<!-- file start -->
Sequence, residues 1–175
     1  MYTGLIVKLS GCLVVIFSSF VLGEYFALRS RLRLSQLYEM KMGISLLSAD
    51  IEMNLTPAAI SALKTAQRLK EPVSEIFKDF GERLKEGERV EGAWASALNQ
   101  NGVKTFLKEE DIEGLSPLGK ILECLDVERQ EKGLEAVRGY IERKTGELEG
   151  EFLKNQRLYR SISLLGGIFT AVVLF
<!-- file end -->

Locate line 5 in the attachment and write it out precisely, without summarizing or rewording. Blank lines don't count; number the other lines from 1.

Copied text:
   151  EFLKNQRLYR SISLLGGIFT AVVLF